Mobile Site Checklist

According to Google, more than 95% of smart phone owners say they use their phones to search mobile sites for information about local products and services. That should be no surprise, since the Internet is quickly replacing the yellow pages as an information resource AND how dependent we’ve become on our cell phones! It’s rarely more than 2′ away from us at any time!

So why is this information important to a local business? You have to put yourself in the shoes of a mobile searcher in order to answer that question.

Think about it. Most people who are using their mobile phones to search for information are in a hurry. Just the facts, ma’am!

Trying to read a “full brochure” website on the small screen is very difficult. Yes, you can expand the area in case the font size is too small to read but that just means you have to scroll and scroll to read an entire sentence or see the page top to bottom.

I agree with Michael Scully, Vice President of Mobile Product and Strategy of SoundBite Communications, about the five things every mobile site needs:

  1. The site needs to be simple. You don’t need to include everything that’s included in your full website. Remember the size of the screen and your audience’s quick search behaviors.
  2. The site needs to have contextual relevance. Prioritize, prioritize, prioritize! Only include the most important info you believe your audience needs when they are on the go (usually phone number, address, coupons or special offers, hours of operation, and a list of basic services). And make sure the info is easy to find. They want to spend very little time looking for just the tidbit they need.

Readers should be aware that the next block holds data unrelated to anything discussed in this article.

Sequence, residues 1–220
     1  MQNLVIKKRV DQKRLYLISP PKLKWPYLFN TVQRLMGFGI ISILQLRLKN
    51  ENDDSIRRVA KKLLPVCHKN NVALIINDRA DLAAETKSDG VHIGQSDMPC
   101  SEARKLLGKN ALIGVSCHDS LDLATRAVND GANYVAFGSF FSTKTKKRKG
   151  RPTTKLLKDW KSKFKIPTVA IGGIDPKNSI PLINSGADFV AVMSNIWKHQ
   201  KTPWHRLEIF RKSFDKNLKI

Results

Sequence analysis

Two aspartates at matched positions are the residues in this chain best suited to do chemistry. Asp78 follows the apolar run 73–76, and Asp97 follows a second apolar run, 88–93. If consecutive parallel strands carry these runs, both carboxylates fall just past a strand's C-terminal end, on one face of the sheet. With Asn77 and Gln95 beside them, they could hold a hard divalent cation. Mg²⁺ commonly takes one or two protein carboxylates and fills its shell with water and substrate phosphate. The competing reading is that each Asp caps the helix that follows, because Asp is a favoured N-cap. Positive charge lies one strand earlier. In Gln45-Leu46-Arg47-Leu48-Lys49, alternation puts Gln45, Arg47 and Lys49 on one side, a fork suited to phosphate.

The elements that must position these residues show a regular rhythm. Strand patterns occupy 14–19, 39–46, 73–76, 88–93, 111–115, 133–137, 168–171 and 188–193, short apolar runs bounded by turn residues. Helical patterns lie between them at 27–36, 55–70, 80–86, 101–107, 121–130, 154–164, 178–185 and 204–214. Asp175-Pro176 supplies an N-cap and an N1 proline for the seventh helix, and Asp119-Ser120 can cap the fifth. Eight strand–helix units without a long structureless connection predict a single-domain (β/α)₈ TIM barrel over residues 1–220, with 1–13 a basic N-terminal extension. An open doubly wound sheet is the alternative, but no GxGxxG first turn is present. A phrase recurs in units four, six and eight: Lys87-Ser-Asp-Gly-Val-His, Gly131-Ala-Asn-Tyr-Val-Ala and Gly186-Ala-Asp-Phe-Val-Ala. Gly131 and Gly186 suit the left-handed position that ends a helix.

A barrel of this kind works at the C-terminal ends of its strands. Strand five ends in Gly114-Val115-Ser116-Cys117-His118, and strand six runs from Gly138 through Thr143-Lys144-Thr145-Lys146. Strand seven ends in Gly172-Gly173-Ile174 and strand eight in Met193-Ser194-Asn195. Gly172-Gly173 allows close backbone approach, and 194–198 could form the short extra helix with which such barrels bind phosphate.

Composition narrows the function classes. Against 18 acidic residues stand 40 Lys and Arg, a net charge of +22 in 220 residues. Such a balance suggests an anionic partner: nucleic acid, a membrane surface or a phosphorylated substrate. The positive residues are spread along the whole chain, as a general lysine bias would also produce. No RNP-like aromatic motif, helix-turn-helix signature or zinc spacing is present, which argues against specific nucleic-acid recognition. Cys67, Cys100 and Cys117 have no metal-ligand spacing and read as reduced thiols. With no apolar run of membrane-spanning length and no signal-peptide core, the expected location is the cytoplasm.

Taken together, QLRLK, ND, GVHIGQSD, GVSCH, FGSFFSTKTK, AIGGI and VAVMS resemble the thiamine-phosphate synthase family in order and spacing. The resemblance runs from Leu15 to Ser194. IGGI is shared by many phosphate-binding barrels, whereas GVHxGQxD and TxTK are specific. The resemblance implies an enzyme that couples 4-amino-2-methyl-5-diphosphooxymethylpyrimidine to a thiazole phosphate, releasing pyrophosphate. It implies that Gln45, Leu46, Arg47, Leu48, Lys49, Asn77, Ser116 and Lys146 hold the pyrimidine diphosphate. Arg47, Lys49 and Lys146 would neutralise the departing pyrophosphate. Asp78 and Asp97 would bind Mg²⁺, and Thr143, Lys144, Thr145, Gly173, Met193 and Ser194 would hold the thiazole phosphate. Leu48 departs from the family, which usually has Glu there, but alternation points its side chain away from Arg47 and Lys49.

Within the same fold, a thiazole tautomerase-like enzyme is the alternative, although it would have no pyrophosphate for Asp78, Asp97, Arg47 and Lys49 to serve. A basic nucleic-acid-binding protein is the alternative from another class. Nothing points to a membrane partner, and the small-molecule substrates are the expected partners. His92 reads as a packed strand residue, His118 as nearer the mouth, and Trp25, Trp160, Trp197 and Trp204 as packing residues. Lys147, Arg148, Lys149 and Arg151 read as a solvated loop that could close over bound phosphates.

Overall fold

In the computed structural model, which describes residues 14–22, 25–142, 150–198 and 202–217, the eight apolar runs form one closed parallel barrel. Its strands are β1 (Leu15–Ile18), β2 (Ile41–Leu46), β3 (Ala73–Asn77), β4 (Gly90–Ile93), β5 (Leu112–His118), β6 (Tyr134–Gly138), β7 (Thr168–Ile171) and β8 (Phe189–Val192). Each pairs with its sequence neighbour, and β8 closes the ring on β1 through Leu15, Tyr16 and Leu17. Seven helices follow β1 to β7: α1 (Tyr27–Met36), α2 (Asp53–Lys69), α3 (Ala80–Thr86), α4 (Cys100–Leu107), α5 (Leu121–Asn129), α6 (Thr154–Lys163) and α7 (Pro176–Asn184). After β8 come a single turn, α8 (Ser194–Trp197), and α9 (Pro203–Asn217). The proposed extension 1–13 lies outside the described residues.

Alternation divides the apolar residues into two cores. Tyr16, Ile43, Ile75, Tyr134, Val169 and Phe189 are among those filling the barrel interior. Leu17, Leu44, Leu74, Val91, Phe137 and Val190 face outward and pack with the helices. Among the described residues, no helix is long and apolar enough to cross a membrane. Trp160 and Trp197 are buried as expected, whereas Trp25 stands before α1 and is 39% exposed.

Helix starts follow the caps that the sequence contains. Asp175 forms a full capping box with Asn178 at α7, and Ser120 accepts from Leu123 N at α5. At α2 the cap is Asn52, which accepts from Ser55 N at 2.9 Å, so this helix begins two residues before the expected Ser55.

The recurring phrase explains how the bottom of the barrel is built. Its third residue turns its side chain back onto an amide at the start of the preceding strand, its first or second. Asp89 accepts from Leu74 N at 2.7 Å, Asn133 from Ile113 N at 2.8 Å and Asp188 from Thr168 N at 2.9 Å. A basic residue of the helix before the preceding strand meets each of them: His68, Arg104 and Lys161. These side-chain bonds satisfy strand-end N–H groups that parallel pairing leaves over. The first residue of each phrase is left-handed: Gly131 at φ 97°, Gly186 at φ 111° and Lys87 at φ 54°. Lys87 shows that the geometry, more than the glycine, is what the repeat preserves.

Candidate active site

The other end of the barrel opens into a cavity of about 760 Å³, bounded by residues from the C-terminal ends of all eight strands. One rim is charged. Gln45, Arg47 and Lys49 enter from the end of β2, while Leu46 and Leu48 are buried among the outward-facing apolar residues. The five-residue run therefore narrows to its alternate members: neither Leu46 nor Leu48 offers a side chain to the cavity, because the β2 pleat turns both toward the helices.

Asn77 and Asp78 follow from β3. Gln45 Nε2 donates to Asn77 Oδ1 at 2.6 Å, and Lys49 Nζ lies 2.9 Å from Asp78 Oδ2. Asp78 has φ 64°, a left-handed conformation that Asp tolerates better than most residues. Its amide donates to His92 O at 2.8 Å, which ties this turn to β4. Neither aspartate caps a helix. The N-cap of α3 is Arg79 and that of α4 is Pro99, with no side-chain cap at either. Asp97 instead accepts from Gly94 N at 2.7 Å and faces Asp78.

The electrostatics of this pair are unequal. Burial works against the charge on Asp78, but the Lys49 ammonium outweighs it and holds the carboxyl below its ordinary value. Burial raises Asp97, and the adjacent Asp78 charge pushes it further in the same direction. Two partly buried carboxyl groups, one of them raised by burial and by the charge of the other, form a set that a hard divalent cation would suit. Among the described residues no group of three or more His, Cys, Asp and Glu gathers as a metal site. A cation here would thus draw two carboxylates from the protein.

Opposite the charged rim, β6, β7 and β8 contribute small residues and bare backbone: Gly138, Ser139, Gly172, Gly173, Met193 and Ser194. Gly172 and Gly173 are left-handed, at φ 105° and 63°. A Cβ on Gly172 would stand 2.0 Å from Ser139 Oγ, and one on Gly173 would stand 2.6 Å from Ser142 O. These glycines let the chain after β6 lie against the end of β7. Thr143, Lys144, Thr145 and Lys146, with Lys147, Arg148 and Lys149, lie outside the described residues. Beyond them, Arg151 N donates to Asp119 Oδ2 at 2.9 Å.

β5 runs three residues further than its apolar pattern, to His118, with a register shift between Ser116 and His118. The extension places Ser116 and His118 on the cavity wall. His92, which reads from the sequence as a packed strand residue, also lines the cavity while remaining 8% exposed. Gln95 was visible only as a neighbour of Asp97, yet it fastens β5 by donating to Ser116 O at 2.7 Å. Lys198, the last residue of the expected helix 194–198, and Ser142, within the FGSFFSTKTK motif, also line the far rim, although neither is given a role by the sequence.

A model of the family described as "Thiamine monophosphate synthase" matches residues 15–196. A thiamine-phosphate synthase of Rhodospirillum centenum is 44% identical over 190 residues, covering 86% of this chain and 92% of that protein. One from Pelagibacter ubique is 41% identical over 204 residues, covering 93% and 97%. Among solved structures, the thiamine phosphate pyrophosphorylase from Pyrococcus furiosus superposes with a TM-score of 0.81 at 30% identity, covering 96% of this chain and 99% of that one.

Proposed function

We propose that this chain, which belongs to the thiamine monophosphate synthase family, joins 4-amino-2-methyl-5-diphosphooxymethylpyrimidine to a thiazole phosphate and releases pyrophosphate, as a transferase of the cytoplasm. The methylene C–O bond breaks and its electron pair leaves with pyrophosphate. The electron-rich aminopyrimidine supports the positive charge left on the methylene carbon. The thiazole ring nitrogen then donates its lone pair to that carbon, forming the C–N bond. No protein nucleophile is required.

3. The site needs to be touch-friendly. Make sure your site passes the “big thumb” test! Make sure you leave space between links and use big buttons so it’s not difficult to tap the button or link you really want. Viewers hate trying to use a really small text link to get to the info they want and ending up on the wrong page. Remember, they are in a hurry!
  4. The site needs to load quickly. A study from Gomez said 40% of mobile searchers would abandon a mobile site if it takes more than 3 seconds to load! Some variables that affect load time are out of your control but just know that large images, numerous images, and videos can increase your mobile site’s load time.
  5. The site needs to offer a path to more information. Give your mobile visitors opportunities to interact with you. Maybe that means including an easy “click-to-call” option or an obvious “get directions” option. Plus, a few die hard searchers may in fact want to look at your main web site. Not a bad idea to give them an option to “view the full site”.

Just remember that mobile searchers are an on-the-go group. And they expect information when and where they want it – and fast!

 

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